Plenty of tales from the tour in 2017
By DOUG FERGUSON
Dec. 27, 2017 at 4 a.m.
Brooks Koepka is tweaking his schedule next year to play Pebble Beach, which only makes sense.
The U.S. Open champion has become an expert on beaches.
That conversation he shared with caddie Ricky Elliott on the 15th fairway of the final round at Erin Hills had nothing to do with club selection to a back pin. They take a fall vacation to the beaches of Asia and were discussing where to go.
"We had talked about Vietnam," Koepka said. "Then he handed me the club and we hit it, and he says, 'Good shot,' and then we continued the conversation," he said.
They ended going to Vietnam and Thailand's Phi Phi Island, adding to a long list of beaches where he has run his toes through the sand, from Bali to Phuket, from Bermuda to the Bahamas. On the bucket list is Costa Rica.
What makes a good vacation spot?
"Clear water, a nice beach, not too many people, beautiful views," Koepka said.
The next stop is Kapalua on Maui for the Sentry Tournament of Champions, the start of a new year. If next year is anything like this one, golf is sure to deliver up plenty of tales from the tour that go beyond green jackets and claret jugs.
Jordan Spieth was on the first tee at Spyglass Hill during the Pebble Beach Pro-Am, and the wait was longer than usual because Smylie Kaufman in the group ahead couldn't find his tee shot. When he saw Kaufman trudge back up the hill, Spieth immediately called for a rules official.
Could he spot something wrong?
No. He just realized that only an official can give a player a ride in the cart, and after Kaufman hit another tee shot, it would speed up the round if someone were around to drive him back.
Does the brain ever stop working?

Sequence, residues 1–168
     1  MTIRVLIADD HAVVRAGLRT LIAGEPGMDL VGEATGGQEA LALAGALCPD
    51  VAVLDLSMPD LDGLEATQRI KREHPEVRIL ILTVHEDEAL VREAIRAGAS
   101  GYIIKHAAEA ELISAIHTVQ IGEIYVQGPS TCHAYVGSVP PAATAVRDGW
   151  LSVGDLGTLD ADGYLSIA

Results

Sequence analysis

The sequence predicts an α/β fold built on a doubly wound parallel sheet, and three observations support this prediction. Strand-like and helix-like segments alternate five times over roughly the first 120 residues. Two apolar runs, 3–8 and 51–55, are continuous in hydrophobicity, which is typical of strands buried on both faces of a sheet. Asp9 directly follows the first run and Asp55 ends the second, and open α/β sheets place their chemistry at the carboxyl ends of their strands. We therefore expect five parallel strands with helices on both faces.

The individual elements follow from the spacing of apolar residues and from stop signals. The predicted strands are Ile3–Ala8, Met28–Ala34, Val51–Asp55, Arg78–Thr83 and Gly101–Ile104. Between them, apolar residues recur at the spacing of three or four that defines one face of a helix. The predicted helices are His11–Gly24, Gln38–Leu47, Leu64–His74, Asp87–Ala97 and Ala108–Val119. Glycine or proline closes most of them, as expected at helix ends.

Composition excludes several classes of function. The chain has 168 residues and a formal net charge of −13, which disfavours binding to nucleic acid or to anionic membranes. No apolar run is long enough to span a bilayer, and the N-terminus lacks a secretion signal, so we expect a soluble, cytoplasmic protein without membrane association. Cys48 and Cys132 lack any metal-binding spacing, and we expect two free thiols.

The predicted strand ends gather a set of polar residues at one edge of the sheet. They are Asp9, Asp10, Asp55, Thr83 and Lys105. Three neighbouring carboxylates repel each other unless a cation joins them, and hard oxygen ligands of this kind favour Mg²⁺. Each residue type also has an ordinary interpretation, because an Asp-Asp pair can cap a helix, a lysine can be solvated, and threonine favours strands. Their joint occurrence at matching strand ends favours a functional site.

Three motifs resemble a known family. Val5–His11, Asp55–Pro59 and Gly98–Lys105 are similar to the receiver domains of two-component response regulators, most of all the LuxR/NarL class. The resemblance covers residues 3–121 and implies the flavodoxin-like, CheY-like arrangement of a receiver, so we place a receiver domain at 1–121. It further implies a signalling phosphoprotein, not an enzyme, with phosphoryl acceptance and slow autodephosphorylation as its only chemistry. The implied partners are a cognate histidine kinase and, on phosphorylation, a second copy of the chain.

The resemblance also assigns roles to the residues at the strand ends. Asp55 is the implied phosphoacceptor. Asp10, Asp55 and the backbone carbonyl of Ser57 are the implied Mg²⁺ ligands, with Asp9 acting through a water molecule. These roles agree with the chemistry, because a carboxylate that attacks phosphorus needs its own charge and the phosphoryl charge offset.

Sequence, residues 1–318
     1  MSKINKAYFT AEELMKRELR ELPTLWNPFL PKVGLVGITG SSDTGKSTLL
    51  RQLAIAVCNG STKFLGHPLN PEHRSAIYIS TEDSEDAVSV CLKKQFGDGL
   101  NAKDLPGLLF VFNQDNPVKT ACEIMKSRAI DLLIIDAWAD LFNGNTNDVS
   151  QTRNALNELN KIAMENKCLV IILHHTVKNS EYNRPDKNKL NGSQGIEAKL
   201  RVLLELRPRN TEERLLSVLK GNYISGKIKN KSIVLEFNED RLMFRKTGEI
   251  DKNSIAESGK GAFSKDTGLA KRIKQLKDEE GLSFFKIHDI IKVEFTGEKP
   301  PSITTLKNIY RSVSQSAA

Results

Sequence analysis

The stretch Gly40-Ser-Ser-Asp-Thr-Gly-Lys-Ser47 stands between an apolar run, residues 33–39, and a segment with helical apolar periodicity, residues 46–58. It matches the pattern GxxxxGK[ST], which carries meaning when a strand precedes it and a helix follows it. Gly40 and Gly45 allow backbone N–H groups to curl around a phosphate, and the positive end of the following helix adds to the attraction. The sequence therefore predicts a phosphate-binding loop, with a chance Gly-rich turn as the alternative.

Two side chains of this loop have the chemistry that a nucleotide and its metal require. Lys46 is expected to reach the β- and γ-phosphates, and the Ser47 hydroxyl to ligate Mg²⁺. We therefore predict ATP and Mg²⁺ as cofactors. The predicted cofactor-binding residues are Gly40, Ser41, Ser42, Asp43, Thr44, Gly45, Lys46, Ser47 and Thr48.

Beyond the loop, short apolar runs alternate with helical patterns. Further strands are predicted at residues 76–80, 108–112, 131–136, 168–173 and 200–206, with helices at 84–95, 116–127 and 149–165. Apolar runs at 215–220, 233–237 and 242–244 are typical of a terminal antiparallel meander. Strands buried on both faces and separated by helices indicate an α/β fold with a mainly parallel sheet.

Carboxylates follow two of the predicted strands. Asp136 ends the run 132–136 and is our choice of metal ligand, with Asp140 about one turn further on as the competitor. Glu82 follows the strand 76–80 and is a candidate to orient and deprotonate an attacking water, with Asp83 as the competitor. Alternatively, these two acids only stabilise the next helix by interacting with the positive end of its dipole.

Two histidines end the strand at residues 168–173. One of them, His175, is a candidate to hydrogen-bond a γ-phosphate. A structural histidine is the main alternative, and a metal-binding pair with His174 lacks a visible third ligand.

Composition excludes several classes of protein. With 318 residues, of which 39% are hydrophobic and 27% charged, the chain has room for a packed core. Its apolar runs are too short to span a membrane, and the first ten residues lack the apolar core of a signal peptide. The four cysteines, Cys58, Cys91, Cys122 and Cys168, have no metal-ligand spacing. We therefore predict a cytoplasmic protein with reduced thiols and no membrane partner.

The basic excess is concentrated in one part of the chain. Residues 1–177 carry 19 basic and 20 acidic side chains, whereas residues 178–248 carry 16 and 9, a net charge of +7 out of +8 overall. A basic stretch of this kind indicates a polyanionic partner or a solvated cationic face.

"Only when alcohol-induced," Spieth said.
Rory McIlroy began the second round of the PGA Championship by sailing a 3-wood right of the par-5 10th green. It bounced onto a cart path and then rolled down the path along the right side of the 11th hole. By the time it stopped, McIlroy was more than 100 yards away, unable to see the green, trees on both sides of the path.
He punched a 6-iron that skipped twice along the cement path and had so much speed that it went into the bunker, out of the bunker, onto and across the green until it settled in light rough. He chipped to a foot and escaped with par.
As he waited to tee off on No. 11, McIlroy leaned over with a smile and whispered, "For what it's worth, it's 110 yards if you're ever down there."
Pat Perez is known to call it as he sees it. Give him a radio show, and he's even more blunt.
The topic was Tiger Woods.
Perez praised him endlessly for the way he moves the needle in golf, but then he assessed the current status of Woods, whose comeback lasted all of seven rounds before he withdrew in Dubai with back spasms.
"He knows he can't beat anybody," Perez said, one of several comments that went viral.
Perez said he explained the full context to Woods in a text message. He said he heard back from Woods, though it didn't sound as though Woods was all that happy. Perez figured that out late in the year, when he was hoping for an invitation to Woods' Hero World Challenge and heard nothing back.
He was on the range in Shanghai when the topic of the Bahamas tournament came up. Perez had just won in Malaysia to move to No. 18 in the world. Dustin Johnson, hitting balls next to him, wasn't aware that the cutoff to qualify for the World Challenge through the world ranking was a month earlier.
"You'll get in," Johnson said.
"No chance," Perez replied.
Johnson insisted, and so Perez turned and asked an observer, "How many players are listed in the world ranking?"
He was told about 1,900 players.
Perez turned back to Johnson and said, "There are 1,899 players who have a better chance of getting in than I do."